Our doves are silent
Gaz, still and cold, while her mate
Freaked out, refused food.
The universe works in weird and mysterious ways.
Just last night, while in the process of archiving all of my Steemit posts to date, the last post I archived was "Heralds of the Dawn," which spoke of our doves, their babies, and their devotion to one another.
The post was still open on my computer screen tonight.
Earlier this afternoon, when I went to retrieve my good trowel from the front porch, in preparation for planting some Colorado blue spruces near the road, I noticed that the doves' food bowl was resting at an angle on the bottom of their cage, and not secure in its holder several inches above.
Then I noticed Gaz, our female white dove, resting on the bottom of the cage, with her body facing me . . . not in her perch above, as usual. She appeared to be sleeping. Odd.
I opened the door of the cage, to pick up the bowl and pour in some fresh food, when Zim, our buff-colored male, leapt out of the cage onto the bowl, and effectively into my hands, which is entirely unlike him.
I petted him for a moment to try and calm him, then placed him back onto his usual perch, but he was clearly agitated; and he was not any happier or less agitated when I placed the full food bowl back in his cage, which is again, highly unusual.
I turned my attention to Gaz, who hadn't moved, petted her as well, and got no response.
That was when I realized why Zim was so freaked out . . . he had just lost the love of his life, the female dove who has been his one and only lifemate for the past ten or twelve years, if not a bit more.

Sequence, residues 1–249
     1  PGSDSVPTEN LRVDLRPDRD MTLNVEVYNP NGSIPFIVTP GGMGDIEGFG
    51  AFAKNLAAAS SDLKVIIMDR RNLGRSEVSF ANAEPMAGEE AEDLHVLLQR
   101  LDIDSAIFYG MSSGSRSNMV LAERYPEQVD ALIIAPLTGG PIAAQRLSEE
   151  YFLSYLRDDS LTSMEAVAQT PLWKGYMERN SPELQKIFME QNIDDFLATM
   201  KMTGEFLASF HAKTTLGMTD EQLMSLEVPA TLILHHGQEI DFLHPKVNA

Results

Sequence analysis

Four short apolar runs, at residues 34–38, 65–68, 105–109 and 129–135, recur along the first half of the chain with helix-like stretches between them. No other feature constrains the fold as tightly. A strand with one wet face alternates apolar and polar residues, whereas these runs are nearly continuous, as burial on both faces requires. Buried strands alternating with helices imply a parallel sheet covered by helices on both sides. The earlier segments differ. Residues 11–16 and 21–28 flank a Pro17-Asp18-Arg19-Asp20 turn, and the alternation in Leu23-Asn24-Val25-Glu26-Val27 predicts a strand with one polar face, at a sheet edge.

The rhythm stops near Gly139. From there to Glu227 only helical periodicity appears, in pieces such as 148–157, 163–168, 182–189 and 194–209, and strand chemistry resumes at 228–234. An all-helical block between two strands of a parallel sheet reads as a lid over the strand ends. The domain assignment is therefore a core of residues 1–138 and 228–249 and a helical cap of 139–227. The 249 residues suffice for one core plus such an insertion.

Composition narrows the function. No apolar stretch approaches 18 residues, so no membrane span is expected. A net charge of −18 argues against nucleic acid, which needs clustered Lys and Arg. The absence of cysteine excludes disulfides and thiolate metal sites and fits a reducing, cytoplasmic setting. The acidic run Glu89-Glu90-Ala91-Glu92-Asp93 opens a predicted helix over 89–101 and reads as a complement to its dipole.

I picked her up and removed her from the cage, realizing that the first spruce we planted would now be her memorial, and saddened for Zim, as doves typically mate for life.
We planted the spruces along the road in front of our property as planned, then planted horseradish at the drip line of our two oldest chestnut trees, and came back to the house.
By this time, I had already called my neighbor, because her sister had taken the baby doves that Zim and Gaz had hatched and raised a few years back.
Marek and I had decided to rehome Zim with someone who already had doves, to keep him company, and to hopefully ease his grief at Gaz's passing.
But unfortunately, our neighbor's sister had since passed away, and she had no idea what had become of the young doves.
I then called a friend of ours, Mike, who owns one of our favorite pet stores in Cookeville, to see if he knew anyone who kept doves.
The only person Mike knew was his own son, who has a single dove of a different variety, and when I asked if he thought his son would be willing to take on another dove, he said certainly.
I walked over to Zim's cage, and like Gaz earlier, he wasn't even on his perch; he had wedged himself into a back corner on the bottom of the cage, and looked as though he had simply settled himself down to die.
This was what I was afraid of, as bonded pairs often pass quickly when their mate dies, and I wanted to get him into the company of other doves as quickly as possible. When I petted him again, he felt cool to the touch.
I went inside and washed out their water bowl. Marek picked him up while I was inside, and said that he was alive, but very weak and frail, and appeared to be dying.
I brought out his fresh water, and decided to see if I could at least get him to take a drink. I picked him up, held him close and dipped his beak into the fresh water, and after a moment of simply moving his head up and down slightly, he finally began to drink.
I held him and let him drink intermittently for ten or fifteen minutes. Good sign.
So we are planning to make the drive with Zim tomorrow, to give him a change of pace and a new start, with the hope of a new friend, away from where he lost his lady love.
All animals mourn, but doves take the deaths of their companions particularly hard.
Our eldest dove, GIR, was mean to both Zim and Gaz when they were all in a large outdoor enclosure together in Florida; and yet, when GIR died several months ago, Zim and Gaz both mourned him, even though he was caged separately several feet away.
The good thing is that I've met Mike's son, who helps out at the shop, and he is very much an animal lover. I know that, with him, Zim will get excellent care.
I just hope that Zim lives through the night.
RIP Gaz, and please be well and live a long, healthy life, Zim. We love you.
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